• Role-level data control – Apply IAM roles to devices to control access to devices and data.
  • Automatic device deployment – Use REST APIs to automatically manage the registration, deployment and operation of devices at scale.

Both Foxconn/SinoVoIP and Pine64 can offer Allwinner R18 platforms compatible with Google Cloud IoT Core via their Banana Pi BPI-M64 and Pine A64+ boards respectively.

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30 Replies to “Banana Pi BPI-M64 Board Gets Allwinner R18 Processor with Google Cloud IoT Core Support”

  1. Oh my… what a weird mind set behind this all (absolutely identical SoCs with different names and different chipid that are only allowed to run this or that ‘SDK’ based on this ID — when will Allwinner realize that this is plain stupid?)

    BTW: You forgot to mention that Xunlong can produce an ‘OPi CloudIoT’ (‘OPi Win’ with A64 replaced by R18) and same with FriendlyELEC’s NanoPi A64. At least now we know why hardware vendors still rely on these uninteresting chips in 2017 and release new boards with them.

  2. @tkaiser
    About Xunlong and FriendlyELEC making R18 boards that’ true they could do that easily, but Allwinner PR only mentioned Foxconn and Pine64. I’ve asked TL Lim about Pine64 with R18, but he has not replied yet.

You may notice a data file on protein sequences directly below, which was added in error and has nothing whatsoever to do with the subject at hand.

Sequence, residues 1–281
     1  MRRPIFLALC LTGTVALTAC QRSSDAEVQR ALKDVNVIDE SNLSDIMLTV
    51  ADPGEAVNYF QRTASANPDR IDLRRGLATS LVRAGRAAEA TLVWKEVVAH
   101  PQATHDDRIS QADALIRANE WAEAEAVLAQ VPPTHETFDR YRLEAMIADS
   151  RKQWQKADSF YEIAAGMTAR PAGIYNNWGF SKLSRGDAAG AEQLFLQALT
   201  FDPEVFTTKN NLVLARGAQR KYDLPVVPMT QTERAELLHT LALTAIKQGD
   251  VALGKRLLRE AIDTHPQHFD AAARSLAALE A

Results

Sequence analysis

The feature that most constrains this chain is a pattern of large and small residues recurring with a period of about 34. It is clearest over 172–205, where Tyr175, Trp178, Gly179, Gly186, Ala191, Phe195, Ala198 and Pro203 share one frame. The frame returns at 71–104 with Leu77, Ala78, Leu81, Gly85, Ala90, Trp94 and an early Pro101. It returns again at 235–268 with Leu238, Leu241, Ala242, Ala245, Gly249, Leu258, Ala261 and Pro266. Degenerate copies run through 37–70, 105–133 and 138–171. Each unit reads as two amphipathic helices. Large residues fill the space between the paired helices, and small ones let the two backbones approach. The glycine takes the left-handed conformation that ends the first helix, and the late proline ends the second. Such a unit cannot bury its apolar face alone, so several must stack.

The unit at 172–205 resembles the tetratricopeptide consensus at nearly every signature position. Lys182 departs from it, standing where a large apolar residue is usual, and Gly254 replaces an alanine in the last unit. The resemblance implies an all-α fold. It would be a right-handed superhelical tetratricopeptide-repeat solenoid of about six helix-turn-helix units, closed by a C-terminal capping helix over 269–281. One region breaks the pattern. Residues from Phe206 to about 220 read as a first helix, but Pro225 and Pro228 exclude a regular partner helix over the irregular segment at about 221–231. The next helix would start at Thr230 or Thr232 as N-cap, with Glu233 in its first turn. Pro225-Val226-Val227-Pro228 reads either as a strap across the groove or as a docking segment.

3. @cnxsoft
    I forgot Olimex before, they also have finalized A64 designs where nothing has to be changed except of the SoC. At least now we also know why Allwinner is about to release a new kernel 4.4 BSP variant (Google must have had a laugh when Allwinner was telling them that all they have is either kernel 3.4.39 or 3.10.65)

  4. BTW: I was wrong above, it’s not about chipid but a different bit as can be seen here:

    Allwinner’s A83T and H8 are as similar (identical) as A64 and R18 we’re talking here about but H8 was only ‘allowed’ to run Android 4.4 while A83T (different business unit) supported ‘even’ 5.1 (and the above check should ensure that H8 users could not enjoy an Android version exceeding 4.4). In case Allwinner implements something similar now with A64 and R18 (the ‘ic check’ above) to limit ‘SDKs’ to specific SoC variants all you need is dd to replace parts of a blob.

  5. @tkaiser
    The only explanation I can think of is that Allwinner charges different prices for the same SoC depending on the level of software support. If we consider that A64 = R18, A64 might be cheaper because it’s using a standard SDK for tablets and TV boxes, while R18 might be more expensive, as the company’s software workload is higher for the latter, and overall market volume is likely lower.

  6. @cnxsoft